Guide to living like a local for expats in New Zealand
New Zealand has long been one of the top locations for British expats, and it’s even more popular in the wake of Brexit. It’s no surprise really; the glorious landscape, laid-back lifestyle and high quality of life are very attractive. It’s also a great option for those moving with children, with a low crime rate, good schools and plenty of outdoor spaces.
New Zealand ranks second in the world in the HSBC Expat Explore Survey, with high scores across the board but particularly in work/life balance and family matters. With over 200,000 British expats on the two small islands, it’s easy to build a social network with other foreign nationals. However, it’s also worth integrating with the local community and adopting their way of life, especially as it’s so appealing.
Balancing work and life
There are many familiarities when first moving to New Zealand. For example, the main language spoken is English, cars drive on the left and Kiwis are generally friendly and welcoming to newcomers. Being a former British colony has certainly left its mark. This all makes the transition easy, both from a business and social perspective.
Moving from a busy city like London, the relaxed and slower pace of day-to-day life can take some getting used to. Family, the great outdoors, and staying fit and healthy, tend to take a bigger priority over work, finances or career progression. That’s not to say that it’s not possible to make huge leaps in a career in the country; just that business is dealt with in business hours, and evenings and weekends are leisure times. There is a strong work ethic in the country, and it’s all about working hard and playing hard. This distinct work/life balance is one of the key advantages for expats, particularly those moving with children.
The generally more relaxed approach to life extends to clothing as well. Dress code tends to be informal, even when going out to restaurants and other social events. Business attire is more formal, but day-to-day is all about comfort and practicality.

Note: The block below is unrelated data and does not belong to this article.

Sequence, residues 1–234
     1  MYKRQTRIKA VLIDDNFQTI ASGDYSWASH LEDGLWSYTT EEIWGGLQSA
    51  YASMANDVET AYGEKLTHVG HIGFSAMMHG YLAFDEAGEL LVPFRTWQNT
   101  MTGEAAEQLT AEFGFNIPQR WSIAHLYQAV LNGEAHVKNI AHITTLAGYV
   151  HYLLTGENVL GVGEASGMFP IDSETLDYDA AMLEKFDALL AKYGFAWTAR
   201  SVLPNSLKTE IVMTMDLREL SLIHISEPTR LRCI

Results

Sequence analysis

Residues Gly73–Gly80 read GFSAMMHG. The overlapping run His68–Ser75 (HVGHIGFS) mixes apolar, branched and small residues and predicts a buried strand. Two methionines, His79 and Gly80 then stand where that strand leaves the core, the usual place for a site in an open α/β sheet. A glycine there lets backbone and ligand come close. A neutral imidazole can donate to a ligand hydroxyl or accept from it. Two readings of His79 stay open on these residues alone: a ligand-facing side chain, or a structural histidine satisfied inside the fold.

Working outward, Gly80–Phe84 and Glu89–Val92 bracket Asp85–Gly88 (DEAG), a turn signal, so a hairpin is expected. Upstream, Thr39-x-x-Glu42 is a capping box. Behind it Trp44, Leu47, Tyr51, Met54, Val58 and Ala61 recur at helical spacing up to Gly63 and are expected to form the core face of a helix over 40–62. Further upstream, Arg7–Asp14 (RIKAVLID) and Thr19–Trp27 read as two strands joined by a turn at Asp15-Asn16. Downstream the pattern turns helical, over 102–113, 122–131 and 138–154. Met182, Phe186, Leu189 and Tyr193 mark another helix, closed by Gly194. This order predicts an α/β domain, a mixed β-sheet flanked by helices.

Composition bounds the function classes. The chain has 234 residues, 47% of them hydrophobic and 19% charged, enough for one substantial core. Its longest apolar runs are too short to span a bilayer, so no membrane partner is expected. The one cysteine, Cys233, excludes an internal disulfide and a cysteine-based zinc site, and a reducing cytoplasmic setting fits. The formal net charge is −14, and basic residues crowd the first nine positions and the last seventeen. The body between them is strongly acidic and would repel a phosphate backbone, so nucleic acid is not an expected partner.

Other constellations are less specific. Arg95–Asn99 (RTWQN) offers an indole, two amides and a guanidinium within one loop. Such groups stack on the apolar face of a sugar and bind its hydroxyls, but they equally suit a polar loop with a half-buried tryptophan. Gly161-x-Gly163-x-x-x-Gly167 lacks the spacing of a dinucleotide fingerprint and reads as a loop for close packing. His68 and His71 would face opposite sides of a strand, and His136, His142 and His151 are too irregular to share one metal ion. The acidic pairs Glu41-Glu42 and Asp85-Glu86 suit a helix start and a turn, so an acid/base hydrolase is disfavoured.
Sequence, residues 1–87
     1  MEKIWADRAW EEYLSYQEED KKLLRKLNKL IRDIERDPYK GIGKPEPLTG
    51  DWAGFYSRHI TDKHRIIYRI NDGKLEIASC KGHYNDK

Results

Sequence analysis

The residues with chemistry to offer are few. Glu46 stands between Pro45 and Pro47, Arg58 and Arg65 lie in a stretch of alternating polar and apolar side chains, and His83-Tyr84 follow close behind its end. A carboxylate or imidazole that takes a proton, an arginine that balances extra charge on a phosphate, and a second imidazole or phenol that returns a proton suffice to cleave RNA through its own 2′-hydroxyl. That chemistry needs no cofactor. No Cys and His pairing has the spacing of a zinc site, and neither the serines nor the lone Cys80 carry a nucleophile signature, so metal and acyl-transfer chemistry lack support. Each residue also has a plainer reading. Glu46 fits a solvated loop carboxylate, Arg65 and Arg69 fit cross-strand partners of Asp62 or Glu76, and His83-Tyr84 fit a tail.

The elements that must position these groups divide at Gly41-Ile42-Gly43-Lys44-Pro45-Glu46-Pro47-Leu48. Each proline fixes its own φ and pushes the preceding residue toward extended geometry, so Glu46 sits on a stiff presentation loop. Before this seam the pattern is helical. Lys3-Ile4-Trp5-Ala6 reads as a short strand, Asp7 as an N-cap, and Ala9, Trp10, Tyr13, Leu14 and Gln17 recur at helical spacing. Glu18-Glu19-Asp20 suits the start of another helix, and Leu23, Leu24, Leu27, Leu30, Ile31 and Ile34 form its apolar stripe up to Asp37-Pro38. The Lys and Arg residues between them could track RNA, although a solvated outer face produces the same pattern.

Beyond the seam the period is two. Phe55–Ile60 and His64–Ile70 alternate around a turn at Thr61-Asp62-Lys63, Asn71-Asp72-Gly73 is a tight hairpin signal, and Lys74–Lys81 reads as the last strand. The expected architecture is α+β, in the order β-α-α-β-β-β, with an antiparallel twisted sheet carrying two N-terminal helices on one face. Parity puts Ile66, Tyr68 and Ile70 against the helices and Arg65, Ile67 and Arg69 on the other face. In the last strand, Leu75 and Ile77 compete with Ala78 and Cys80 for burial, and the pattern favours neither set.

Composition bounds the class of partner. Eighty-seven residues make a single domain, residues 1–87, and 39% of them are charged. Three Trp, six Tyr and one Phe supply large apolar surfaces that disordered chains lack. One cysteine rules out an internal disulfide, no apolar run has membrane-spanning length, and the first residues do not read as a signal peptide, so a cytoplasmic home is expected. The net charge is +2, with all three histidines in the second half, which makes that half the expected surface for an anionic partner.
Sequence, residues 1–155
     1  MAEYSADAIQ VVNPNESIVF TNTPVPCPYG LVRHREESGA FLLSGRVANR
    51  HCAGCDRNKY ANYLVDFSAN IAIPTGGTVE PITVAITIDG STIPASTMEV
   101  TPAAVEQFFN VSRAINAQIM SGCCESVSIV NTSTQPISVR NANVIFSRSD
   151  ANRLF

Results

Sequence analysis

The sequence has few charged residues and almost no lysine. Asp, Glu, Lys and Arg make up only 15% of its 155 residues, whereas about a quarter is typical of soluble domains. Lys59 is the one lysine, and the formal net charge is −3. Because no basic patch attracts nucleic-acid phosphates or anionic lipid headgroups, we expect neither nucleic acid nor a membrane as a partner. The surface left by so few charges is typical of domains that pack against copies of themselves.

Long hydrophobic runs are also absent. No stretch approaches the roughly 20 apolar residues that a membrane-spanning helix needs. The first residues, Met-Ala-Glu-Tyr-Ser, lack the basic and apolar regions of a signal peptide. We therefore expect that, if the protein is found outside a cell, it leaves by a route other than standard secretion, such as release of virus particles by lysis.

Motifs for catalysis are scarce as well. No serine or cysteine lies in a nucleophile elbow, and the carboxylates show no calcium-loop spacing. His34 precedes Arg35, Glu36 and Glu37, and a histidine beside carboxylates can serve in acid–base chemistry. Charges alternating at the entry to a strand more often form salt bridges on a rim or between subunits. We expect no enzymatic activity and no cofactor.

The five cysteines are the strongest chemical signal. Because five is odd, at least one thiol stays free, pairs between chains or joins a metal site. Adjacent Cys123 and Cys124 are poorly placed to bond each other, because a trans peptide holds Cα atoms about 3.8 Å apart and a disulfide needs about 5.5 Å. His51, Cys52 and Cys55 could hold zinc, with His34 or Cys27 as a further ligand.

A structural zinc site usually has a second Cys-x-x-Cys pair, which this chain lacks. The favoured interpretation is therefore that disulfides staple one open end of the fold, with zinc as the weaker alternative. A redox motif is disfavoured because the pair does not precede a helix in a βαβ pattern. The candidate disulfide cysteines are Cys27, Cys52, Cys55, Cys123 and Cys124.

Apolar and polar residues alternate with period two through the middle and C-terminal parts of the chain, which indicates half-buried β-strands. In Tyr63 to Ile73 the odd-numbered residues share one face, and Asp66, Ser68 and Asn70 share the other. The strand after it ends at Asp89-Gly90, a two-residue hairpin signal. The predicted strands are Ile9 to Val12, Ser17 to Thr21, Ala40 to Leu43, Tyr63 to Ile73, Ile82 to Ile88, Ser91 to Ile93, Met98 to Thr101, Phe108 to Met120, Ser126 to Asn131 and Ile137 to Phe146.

In order to help children adopt the local lifestyle and customs, it is worth considering the public schools – a large proportion of expats do. The quality of education is excellent and a public school gives more opportunity to mingle with neighbours. However, these schools are only free for permanent residents, and those on a temporary visa would have to pay fees.
Finances are likely to be significantly different in New Zealand, and that can take some getting used to. The cost of living is on the higher side, while incomes are generally lower. Salaries are paid fortnightly, rather than monthly, with the main bills following suit. Having less disposable income means adapting to a different lifestyle, but in keeping with the local preference, outdoor activities are generally free or low cost. Make the most of the recreational parks, sports centres and national parks.
Enjoy the outdoors
To really gel with the local culture, take the time to find out about local walks, hikes, running and cycling routes, and other leisure facilities, as these are often great places to meet like-minded locals. The temperate climate means that trips to the beach are a popular pastime, and it’s often possible to find empty stretches due to the sparse population spread across the country.
Local Kiwis love sports, particularly rugby, so it’s worth trying to catch a game to see what all the fuss is about and get caught up in a bit of national pride. Grab a ticket to an All Blacks game to really get the local seal of approval. However, any sport is appreciated, both through watching and playing, particularly anything that involves getting outdoors.
Information correct at the time of publication.